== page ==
The authors acknowledge financial support from the project CASTRUM, commissioned by the EU DG Santé. The following people were members of the CASTRUM network and had a significant contribution to the present study: Christine Leeb, University of Natural Resources and Life Sciences, Austria; Evert Heyrman, ILVO, Belgium; Todor Stoyanchev, Trakia University, Bulgaria; Goran Kušec, Faculty of Agriculture in Osijek, Croatia; Susanne Støier, DMRI, Denmark; Patrick Chevillon, IFIP, France; Csaba Szabo, Debrecen University, Hungary; Luca Buttazzoni and Sebastiana Failla, CREA, Italy; Leonardo Nanni Costa, Department of Agricultural and Food Sciences, University of Bologna, Italy; Gé Backus, ConnectingAgriandFood, the Netherlands; Bente Fredriksen, Animalia, Norway; Katarzyna Skrzymowska, Polski Zwiazek Hdowcow i Producentow Trzody Chlewnej, POLSUS, Poland; Sandra Cavaco-Gonçalves, Instituto Nacional de Investigacão Agraria e Veterinaria, INIAV, Portugal; Mercedes Izquierdo, Centro de Investigaciones Científicas y Técnologicas de Extremadura, CICYTEX, Spain; Galia Zamaratskaïa, SLU, Sweden; Rex Walters, British Pig Association, BPA, United Kingdom. The authors acknowledge the financial support of the EU, COST action CA15215, which made possible to publish this paper as an Open Access publication. The co-author Maria Font i Furnols acknowledges CERCA Programme/Generalitat de Catalunya.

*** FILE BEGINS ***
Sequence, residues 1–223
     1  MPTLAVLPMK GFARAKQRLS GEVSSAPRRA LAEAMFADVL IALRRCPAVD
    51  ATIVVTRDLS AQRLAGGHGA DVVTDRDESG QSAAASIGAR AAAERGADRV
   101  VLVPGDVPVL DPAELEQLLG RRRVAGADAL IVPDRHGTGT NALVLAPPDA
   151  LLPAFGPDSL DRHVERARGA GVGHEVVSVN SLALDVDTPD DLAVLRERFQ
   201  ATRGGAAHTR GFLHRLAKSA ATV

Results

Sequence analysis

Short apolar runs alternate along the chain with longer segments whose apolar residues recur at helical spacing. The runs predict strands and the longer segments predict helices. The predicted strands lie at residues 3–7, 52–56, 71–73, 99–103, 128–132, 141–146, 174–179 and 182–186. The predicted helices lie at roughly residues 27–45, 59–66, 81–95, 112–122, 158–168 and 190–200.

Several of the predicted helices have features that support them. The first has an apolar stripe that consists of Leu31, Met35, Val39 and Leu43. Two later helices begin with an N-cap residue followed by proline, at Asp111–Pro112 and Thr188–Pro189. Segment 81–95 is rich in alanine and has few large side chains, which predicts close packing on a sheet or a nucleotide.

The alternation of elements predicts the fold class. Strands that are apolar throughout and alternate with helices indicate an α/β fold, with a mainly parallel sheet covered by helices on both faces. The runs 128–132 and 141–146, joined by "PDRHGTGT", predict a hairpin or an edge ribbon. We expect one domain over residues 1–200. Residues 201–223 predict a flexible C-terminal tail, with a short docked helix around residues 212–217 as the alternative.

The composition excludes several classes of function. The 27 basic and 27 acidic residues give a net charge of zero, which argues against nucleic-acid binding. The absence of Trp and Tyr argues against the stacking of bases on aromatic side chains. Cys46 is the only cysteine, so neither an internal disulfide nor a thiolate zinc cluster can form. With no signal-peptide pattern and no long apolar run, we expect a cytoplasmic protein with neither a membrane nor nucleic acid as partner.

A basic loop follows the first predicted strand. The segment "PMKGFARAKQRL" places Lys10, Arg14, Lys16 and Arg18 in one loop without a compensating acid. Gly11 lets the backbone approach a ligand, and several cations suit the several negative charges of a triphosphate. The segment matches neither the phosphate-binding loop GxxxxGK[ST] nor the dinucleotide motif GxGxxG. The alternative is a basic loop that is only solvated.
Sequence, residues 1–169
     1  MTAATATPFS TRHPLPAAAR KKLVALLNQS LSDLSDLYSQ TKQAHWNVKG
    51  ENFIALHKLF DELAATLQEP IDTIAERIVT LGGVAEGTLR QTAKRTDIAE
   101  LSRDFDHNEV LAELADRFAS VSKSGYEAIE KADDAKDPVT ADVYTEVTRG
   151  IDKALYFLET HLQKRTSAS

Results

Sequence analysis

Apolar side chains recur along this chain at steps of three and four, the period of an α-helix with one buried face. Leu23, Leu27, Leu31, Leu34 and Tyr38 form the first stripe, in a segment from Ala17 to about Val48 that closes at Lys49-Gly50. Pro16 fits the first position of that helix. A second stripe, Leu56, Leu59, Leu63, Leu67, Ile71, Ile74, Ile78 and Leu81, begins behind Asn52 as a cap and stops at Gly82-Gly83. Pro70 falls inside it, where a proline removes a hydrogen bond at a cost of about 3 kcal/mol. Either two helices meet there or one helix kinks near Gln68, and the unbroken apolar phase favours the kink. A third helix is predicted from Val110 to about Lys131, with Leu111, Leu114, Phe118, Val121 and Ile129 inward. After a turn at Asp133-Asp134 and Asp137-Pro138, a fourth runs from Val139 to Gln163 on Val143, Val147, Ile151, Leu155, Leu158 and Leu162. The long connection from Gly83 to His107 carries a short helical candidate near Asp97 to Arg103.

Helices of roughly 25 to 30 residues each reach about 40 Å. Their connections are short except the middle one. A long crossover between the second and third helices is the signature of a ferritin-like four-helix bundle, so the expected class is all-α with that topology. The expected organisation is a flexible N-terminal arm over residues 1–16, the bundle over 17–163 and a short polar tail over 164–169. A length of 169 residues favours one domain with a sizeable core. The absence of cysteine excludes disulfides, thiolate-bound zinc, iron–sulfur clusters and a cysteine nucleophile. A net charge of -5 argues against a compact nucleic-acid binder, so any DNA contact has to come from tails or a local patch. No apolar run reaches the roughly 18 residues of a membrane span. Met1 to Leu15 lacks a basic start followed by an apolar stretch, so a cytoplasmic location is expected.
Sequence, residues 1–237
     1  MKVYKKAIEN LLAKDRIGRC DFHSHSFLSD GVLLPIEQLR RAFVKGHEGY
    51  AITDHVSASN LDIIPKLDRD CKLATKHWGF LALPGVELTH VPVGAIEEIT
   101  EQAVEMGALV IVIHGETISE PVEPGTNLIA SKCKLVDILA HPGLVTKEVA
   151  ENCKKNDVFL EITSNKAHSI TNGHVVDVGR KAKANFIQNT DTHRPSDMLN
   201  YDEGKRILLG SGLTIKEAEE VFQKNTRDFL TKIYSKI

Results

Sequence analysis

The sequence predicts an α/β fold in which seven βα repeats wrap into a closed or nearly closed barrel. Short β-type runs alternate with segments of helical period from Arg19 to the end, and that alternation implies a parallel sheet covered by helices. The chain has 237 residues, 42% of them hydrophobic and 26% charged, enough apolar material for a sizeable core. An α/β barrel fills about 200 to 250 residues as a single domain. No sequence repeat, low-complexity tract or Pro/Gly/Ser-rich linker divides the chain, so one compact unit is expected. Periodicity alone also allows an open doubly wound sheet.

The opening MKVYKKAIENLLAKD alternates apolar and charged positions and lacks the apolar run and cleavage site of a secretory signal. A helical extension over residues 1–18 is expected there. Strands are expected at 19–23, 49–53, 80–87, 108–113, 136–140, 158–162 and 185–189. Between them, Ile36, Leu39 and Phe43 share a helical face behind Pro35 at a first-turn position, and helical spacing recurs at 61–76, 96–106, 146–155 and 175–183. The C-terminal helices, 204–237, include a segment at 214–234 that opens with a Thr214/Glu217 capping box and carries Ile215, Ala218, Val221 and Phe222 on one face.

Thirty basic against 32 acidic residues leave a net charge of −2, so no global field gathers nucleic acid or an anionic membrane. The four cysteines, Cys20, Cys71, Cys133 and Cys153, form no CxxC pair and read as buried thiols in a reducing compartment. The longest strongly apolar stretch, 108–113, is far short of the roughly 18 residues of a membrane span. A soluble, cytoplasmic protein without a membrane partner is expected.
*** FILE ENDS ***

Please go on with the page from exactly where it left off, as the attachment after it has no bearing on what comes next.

Supplementary material

To view supplementary material for this article, please visit https://doi.org/10.1017/S1751731117003044

Footnotes

a

The people involved in the CASTRUM network who significantly contributed to this paper are listed in the Acknowledgment section of the present paper.

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Figure 0

Figure 1 Chart showing the basic information collected and how it was aggregated into four dimensions of potential sensitivity to entire male pig production. 1Manag=BT_Inc×(1+[Outdoor]).

Figure 1

Table 1 Distribution1 of the 272 analysed situations according to country, inclusion in the DOOR2 database and category of product3

Figure 2

Table 2 Compared characteristics1 of DOOR and non-DOOR situations

Figure 3

Table 3 Compared characteristics1 of the situations according to whether castration is mandatory

Figure 4

Figure 2 Average scores obtained by the five clusters of situations along the four dimensions of potential sensitivity to entire male pig production (Boar taint incidence score (BT_Inc); Boar taint perception score (BT_Per); Fat quantity and quality (FatQQ); Management score (Manag)). The five clusters were determined by ascending hierarchical clustering following multiple correspondence analysis.

Figure 5

Table 4 Compared characteristics1 of the situations in the five clusters identified from ascending hierarchical clustering

Figure 6

Table 5 Distributions of the five clusters of situations in the countries included in the study